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Boost Your Self-Confidence

leadership & impact mind & meaning Apr 01, 2021

Have you ever noticed how kids can be so great at acknowledging themselves? They’ll confidently say things like, “I did it! I went to the potty all by myself!” 

When was the last time you acknowledged yourself with such enthusiasm?

Seriously, think about it!

Many of us do not acknowledge ourselves, and we miss out on opportunities to build our self-confidence. 

To boost your self-confidence in any area of your life, make it a practice to praise yourself. That doesn’t mean that you go around and brag about yourself. Rather, it means that you acknowledge your strengths and other positive attributes to yourself.

Your brain is very malleable, and focusing your attention on those positive and empowering thoughts creates neural connections that get strengthened with repetition. The stronger the neural connection, the more it shapes what you believe (e.g., about what you can or cannot do). Your mindset then influences your thoughts, emotions, behavior and ultimately your results. 

By acknowledging and celebrating yourself more often, you physically alter your brain to notice more evidence of your capabilities and success. You can program yourself to believe that you deserve good things and that you are capable of creating positive changes in your life. As you strengthen those belief systems, you can experience even more confidence, resilience and motivation. 


“When there is no enemy within, the enemies outside cannot hurt you.”

– African Proverb


I invite you to pause for a brief moment now to appreciate one thing that you have accomplished today. And be sure to consider the little successes or wins in your day, such as your healthy choices or the small yet meaningful acts of kindness you did for others. What are you proud of yourself for today? 

Many of us tend to under-appreciate the “minor” things we do successfully every day because our brain more easily remembers experiences that are accompanied by strong emotions, such as those times when we made a mistake or “failed” at something. We tend to be excellent self-critics, and those critical thoughts lead us to experience depleting emotions such as guilt, shame, and embarrassment.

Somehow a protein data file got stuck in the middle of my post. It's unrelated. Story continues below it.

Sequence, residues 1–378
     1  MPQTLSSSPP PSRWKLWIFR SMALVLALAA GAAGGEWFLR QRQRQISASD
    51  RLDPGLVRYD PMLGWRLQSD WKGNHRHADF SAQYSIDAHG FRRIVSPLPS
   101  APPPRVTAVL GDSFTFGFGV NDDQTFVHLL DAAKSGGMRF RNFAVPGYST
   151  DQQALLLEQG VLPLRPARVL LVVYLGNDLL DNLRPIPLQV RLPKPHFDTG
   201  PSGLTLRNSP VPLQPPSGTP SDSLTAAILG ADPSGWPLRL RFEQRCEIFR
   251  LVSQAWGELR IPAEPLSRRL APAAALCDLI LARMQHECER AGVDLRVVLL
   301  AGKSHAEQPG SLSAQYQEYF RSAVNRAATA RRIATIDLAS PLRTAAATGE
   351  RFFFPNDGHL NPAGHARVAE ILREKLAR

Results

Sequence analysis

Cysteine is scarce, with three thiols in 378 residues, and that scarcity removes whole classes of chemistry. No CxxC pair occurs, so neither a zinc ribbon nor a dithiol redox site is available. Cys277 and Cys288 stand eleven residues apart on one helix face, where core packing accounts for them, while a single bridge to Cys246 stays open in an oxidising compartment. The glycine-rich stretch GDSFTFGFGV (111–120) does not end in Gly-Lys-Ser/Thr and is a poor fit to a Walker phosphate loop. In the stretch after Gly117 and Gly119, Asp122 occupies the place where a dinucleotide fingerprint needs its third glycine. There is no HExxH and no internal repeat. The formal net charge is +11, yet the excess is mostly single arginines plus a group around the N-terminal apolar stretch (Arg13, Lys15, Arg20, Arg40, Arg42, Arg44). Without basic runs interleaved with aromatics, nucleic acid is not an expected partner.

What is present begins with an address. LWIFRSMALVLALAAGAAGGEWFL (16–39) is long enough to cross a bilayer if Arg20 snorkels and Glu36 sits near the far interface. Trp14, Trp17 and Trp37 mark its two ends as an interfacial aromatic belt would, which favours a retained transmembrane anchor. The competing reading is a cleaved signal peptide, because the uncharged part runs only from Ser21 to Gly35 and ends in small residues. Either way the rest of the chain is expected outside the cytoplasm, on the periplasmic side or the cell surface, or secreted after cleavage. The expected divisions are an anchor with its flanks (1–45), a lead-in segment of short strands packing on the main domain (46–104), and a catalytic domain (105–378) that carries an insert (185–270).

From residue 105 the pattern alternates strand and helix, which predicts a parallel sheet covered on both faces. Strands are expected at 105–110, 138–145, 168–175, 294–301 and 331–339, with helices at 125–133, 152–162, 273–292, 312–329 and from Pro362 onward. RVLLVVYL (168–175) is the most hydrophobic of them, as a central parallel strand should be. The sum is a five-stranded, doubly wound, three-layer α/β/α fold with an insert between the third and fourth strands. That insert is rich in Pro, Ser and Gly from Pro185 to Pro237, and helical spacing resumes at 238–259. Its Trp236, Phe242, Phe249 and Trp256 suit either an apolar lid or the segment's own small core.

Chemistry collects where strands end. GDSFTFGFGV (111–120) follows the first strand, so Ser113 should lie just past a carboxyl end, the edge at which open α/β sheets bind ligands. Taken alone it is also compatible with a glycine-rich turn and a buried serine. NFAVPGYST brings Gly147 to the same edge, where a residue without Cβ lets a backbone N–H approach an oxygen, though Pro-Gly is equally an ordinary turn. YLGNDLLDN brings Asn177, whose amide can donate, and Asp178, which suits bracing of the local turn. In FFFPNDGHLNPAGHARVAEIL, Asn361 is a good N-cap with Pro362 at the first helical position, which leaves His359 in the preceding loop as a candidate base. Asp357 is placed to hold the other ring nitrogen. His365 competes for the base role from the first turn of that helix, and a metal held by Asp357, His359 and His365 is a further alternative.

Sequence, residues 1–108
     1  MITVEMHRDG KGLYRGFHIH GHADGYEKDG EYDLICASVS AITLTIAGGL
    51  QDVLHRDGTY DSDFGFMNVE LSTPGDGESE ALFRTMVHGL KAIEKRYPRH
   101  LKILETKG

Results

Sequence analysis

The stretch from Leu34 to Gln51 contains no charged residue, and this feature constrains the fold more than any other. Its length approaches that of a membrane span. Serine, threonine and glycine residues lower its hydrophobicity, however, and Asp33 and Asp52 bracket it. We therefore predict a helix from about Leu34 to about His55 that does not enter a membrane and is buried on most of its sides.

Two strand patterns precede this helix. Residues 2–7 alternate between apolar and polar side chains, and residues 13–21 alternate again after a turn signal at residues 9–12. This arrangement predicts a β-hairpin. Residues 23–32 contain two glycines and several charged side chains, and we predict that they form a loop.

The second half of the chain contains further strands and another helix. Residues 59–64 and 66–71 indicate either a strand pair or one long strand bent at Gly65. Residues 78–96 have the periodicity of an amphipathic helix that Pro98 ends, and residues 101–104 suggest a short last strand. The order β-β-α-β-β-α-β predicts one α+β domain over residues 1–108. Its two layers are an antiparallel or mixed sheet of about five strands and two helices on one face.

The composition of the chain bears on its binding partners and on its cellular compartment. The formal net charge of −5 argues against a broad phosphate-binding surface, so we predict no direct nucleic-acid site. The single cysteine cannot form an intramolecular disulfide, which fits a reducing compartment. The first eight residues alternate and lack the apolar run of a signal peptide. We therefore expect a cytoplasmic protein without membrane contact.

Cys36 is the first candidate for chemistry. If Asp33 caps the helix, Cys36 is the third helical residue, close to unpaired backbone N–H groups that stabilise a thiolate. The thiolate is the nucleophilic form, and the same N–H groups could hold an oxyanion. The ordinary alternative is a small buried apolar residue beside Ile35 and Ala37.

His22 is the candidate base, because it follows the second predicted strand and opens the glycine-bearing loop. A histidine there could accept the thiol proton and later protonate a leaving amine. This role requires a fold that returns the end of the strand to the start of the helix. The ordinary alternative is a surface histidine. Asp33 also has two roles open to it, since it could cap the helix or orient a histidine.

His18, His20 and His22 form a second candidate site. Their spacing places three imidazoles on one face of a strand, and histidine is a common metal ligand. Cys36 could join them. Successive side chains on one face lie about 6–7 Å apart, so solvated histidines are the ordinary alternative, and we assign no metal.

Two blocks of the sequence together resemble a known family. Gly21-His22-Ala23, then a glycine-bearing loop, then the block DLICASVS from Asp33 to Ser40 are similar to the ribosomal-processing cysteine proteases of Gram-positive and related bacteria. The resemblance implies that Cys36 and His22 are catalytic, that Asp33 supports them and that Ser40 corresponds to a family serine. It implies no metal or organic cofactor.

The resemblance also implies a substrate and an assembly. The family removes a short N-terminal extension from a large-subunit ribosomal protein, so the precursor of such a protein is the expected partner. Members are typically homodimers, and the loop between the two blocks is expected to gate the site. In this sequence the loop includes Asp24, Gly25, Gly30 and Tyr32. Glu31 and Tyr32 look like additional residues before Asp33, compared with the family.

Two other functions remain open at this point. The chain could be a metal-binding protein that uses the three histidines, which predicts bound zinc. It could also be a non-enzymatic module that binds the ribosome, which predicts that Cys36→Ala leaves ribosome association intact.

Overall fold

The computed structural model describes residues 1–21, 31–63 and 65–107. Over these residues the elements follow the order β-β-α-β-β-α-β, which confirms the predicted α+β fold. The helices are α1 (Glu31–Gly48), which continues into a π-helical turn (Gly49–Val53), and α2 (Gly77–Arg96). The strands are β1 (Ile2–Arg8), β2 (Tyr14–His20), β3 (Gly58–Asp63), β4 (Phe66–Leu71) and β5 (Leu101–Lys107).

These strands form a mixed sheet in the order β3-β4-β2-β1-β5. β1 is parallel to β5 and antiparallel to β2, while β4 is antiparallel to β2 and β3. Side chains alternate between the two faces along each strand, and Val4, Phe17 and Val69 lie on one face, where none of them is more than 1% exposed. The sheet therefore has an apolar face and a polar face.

When you train yourself to celebrate your effort and progress, no matter how small, you change your inner dialogue, broaden your perspective, and prime yourself for success. 

So, give yourself permission to toot your own horn. Here are a few ideas that can help:    

1. Reflect Back on Your Life: 

Take a few moments to reflect on your life’s successes. What decisions or achievements are you most proud of? What struggles have you overcome? Write down all the big and little things that come to mind. Remind yourself how far you've come. 

2. Compliment Yourself in the Mirror: 

When you look in mirror every morning or when you wash your hands, make it a practice to say something uplifting and kind to yourself. For example, you may think “I’m so proud of you for…”, “You are worthy”, or “You did a great job when you…”

If acknowledging yourself, especially in front of a mirror, feels awkward or uncomfortable at first, it is just a sign that you need more practice. In time, you will become more comfortable acknowledging and accepting yourself.

3. List Your Daily Achievements:    

At the end of each day, write a list of 3 things you have achieved that day. These don’t need to be ‘big’ achievements. It’s likely that you have had many small wins throughout the day that you've overlooked, such as remembering to get something done, doing an act of kindness for someone, or the time and attention that you gave to a loved one. 

4. Reframe Your Perspective: 

When you make a mistake or do not live up to expectations (either your own or someone else's), take the time to reflect on that event and search for the positive meaning.

You can ask yourself questions such as, “Did I do my best at that time?”, “What was my intention?”, “What did I do well?”, “How might this be a learning opportunity for me?” 

There’s always a positive lesson in any situation when you look for it. When you find it, praise yourself for that and be as specific and accurate as you can. Write your praise down or say it out loud in private. 

For example, you might say to yourself: “I did my very best when I…”, “I learned how to…”, or “I was brave when I…” 

It can take some time to shift negative habitual thoughts through self-praise, however it is well worth the effort. If you practice these habits consistently, you will notice that your inner dialogue becomes more loving and empowering, and you will not depend on praise and validation from others to feel worthy and capable.

And, that heightened confidence will spill over into other areas of your life, motivating you to achieve even bigger goals.  


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